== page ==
Biden Administration to Auction 80 Million Acres for Fossil Fuel Extraction

Not a week after COP26, the administration shocked environmental advocates with a mega-sale of Gulf oil leases.

Offshore drilling rig in the Gulf of Mexico
Terry Vine / Getty Images

November has been an active month for climate dialogue courtesy of the 2021 United Nations Climate Change Conference (COP26). At this year's conference, which took place from Oct. 31 to Nov. 12 in Glasgow, Scotland, nearly 200 nations pledged to reduce carbon emissions, “phase down” the use of coal-fired power, and increase financial assistance to developing nations to help them adopt clean energy and build resilience against climate disasters. More than 100 nations also agreed to curb methane emissions and to halt and reverse deforestation.

In the United States, however, the aftermath of the conference came with bad news: Less than a week after COP26—where President Joe Biden promised that America would “lead by example” in the fight against climate change—the federal government hosted an auction through which to sell to oil and gas companies more than 80 million acres of the Gulf of Mexico for the extraction of fossil fuels. The sale is the largest-ever sale of oil and gas drilling leases in the Gulf of Mexico.

According to Reuters, oil and gas companies ended up purchasing 1.7 million acres—approximately 2% of what was on the auction block—for a collective sum of over $190 million. The top buyers were Chevron, which at $47.1 million was the auction’s biggest spender, followed by Anadarko, BP, and Royal Dutch Shell. Exxon, which acquired nearly a third of the sold inventory, ranked fifth in spending but first in purchased acreage.

The Guardian called the auction a “jarring contradiction” by the Biden administration, which promised to oppose offshore drilling and drilling on federal lands, but has granted drilling permits at a rate of 300 per month since Biden’s inauguration.

Environmental groups were quick to express dismay and concern.

“The Biden administration is lighting the fuse on a massive carbon bomb in the Gulf of Mexico. It’s hard to imagine a more dangerous, hypocritical action in the aftermath of the climate summit,” Kristen Monsell, oceans legal director at the Center for Biological Diversity, said in a joint statement issued with the environmental group Earthjustice. “This will inevitably lead to more catastrophic oil spills, more toxic climate pollution, and more suffering for communities and wildlife along the Gulf Coast. Biden has the authority to stop this, but instead he’s casting his lot in with the fossil fuel industry and worsening the climate emergency.”

Echoed Earthjustice attorney Brettny Hardy, “The dichotomy between holding a lease sale and committing to cut back U.S. carbon emissions is glaring … By selling these leases, the Biden administration is not solving the oil prices of today, but instead increasing the United States’ climate heating emissions tomorrow.”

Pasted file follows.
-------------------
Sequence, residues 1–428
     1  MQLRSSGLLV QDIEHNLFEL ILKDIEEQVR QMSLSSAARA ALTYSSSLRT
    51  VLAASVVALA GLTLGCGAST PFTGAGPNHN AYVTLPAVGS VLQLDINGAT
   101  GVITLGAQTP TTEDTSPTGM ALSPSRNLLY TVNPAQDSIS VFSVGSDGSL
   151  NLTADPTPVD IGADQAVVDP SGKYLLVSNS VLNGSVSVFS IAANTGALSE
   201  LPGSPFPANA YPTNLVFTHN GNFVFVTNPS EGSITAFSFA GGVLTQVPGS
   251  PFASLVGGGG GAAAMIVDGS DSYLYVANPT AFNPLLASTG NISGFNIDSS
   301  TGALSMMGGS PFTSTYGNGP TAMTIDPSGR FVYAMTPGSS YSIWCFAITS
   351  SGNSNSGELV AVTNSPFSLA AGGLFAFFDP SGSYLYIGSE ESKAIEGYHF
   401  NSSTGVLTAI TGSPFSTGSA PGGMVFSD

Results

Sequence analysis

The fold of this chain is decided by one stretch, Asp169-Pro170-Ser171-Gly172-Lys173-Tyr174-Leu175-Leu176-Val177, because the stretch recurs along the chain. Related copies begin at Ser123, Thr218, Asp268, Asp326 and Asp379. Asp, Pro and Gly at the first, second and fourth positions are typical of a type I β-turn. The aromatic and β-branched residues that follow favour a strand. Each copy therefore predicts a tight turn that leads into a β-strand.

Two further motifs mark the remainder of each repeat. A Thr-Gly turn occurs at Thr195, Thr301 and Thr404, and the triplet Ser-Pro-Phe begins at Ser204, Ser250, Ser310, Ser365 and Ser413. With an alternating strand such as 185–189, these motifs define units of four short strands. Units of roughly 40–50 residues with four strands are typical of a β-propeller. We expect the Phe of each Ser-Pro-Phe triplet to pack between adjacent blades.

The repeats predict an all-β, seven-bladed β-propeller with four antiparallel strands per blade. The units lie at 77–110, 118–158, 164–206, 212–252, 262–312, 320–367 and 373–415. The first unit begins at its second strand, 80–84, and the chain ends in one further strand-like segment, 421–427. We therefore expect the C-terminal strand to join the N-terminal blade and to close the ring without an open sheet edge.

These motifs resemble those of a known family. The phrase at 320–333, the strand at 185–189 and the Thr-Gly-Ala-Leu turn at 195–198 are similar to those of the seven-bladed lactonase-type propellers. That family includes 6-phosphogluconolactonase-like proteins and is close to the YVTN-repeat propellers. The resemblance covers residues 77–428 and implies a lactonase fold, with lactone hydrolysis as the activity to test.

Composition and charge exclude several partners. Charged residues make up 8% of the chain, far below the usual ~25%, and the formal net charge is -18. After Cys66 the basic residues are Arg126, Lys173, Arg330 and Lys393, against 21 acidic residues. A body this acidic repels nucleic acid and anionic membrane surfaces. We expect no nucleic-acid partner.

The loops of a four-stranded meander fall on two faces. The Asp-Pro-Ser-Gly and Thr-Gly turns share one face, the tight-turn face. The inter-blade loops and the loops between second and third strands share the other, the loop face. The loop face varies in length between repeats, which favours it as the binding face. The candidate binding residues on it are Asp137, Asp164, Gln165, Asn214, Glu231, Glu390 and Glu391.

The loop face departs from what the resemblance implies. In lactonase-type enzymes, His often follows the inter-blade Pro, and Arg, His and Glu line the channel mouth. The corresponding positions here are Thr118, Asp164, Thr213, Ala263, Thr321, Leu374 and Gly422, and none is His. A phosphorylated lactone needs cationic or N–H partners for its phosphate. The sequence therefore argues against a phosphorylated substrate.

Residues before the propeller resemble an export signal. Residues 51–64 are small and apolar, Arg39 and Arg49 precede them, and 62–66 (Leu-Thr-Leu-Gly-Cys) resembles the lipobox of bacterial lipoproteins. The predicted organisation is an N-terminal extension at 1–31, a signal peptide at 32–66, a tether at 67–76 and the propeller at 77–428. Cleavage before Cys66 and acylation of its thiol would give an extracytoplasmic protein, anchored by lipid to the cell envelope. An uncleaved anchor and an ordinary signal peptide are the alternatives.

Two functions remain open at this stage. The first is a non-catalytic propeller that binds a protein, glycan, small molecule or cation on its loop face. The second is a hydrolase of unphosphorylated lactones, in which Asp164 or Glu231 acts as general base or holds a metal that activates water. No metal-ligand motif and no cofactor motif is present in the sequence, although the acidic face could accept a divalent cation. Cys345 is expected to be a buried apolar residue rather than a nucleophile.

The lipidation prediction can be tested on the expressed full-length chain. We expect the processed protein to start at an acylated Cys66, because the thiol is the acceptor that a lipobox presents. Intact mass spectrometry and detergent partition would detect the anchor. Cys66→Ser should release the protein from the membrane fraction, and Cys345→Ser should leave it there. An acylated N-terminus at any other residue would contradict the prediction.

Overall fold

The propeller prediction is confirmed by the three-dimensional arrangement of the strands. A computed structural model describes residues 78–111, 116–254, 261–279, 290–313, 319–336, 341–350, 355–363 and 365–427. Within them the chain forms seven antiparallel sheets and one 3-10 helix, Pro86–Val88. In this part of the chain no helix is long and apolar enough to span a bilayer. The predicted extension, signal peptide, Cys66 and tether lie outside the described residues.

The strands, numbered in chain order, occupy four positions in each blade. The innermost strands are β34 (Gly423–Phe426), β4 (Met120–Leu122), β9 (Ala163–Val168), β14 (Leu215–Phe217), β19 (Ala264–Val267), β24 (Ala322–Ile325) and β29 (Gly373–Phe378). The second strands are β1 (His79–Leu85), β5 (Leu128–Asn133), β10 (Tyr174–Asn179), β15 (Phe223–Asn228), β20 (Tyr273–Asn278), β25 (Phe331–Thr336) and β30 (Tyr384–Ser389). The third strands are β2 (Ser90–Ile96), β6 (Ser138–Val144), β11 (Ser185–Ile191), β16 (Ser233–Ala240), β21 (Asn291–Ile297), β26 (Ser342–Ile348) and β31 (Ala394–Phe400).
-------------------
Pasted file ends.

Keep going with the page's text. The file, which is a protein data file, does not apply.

Pursuant to his promises, the president upon taking office issued an executive order that temporarily halted the issuance of oil and gas drilling permits across publicly owned lands and ocean territory. Oil and gas companies subsequently sued, however, at which point a federal judge in Louisiana ordered the Biden administration to lift its moratorium. Because of the court’s decision, the administration says it had no choice but to hold the auction.

“It’s a legal case and legal process, but it’s important for advocates and other people out there who are following this to understand that it’s not aligned with our view, the president’s policies, or the executive order that he signed,” White House Press Secretary Jen Psaki said on Monday.

Although it required the administration to lift its moratorium on permits, legal experts say the court’s ruling did not mandate this month’s auction, which was executed by the U.S. Department of the Interior’s Bureau of Ocean Energy Management.

“The Louisiana opinion doesn’t force the administration to move forward with any particular lease sale—the Department of Interior still has discretion over that,” Max Sarinsky, a senior attorney at the New York University School of Law, told The Guardian. “If they were to postpone, I’m almost certain they would be sued by oil and gas interests, but that’s another matter.”

Earthjustice argues that the auction was not only disappointing but also illegal. In August, it filed a lawsuit against the government challenging its decision to hold the sale. The decision, it argues, was made based on a 2017 environmental analysis that is “fatally flawed” and ignores now-apparent risks from pipeline leaks.

“The administration is violating the law by moving forward with the sale based on incorrect data that does not properly reflect the impact that giving more land to industry for oil production would have on the Gulf of Mexico, the surrounding ecosystems, and our planet,” Hardy said.

Collectively, the 80 million acres offered by the feds could lead to the production of up to 1.12 billion barrels of oil and 4.42 trillion feet of gas, according to the Interior Department. Burning that much fossil fuel would create more than 516 million metric tons of greenhouse gas emissions, according to Earthjustice, which says that’s equivalent to the emissions of 112 million cars, 130 coal-fired power plants operating for a year, or the carbon sequestered by 632 million acres of forest.